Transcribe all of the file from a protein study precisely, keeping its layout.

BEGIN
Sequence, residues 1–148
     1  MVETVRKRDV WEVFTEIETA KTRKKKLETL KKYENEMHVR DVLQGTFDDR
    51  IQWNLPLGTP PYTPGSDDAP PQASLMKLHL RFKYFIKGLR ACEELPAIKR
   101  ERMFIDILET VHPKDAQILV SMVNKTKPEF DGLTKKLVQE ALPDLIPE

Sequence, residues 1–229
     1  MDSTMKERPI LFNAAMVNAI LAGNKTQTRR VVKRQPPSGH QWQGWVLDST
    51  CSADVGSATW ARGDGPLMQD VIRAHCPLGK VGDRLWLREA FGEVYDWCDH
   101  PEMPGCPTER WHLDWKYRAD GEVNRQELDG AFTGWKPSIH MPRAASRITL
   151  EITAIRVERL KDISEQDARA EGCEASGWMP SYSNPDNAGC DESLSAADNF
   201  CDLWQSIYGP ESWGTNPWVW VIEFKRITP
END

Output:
Sequence, residues 1–148
     1  MVETVRKRDV WEVFTEIETA KTRKKKLETL KKYENEMHVR DVLQGTFDDR
    51  IQWNLPLGTP PYTPGSDDAP PQASLMKLHL RFKYFIKGLR ACEELPAIKR
   101  ERMFIDILET VHPKDAQILV SMVNKTKPEF DGLTKKLVQE ALPDLIPE

Sequence, residues 1–229
     1  MDSTMKERPI LFNAAMVNAI LAGNKTQTRR VVKRQPPSGH QWQGWVLDST
    51  CSADVGSATW ARGDGPLMQD VIRAHCPLGK VGDRLWLREA FGEVYDWCDH
   101  PEMPGCPTER WHLDWKYRAD GEVNRQELDG AFTGWKPSIH MPRAASRITL
   151  EITAIRVERL KDISEQDARA EGCEASGWMP SYSNPDNAGC DESLSAADNF
   201  CDLWQSIYGP ESWGTNPWVW VIEFKRITP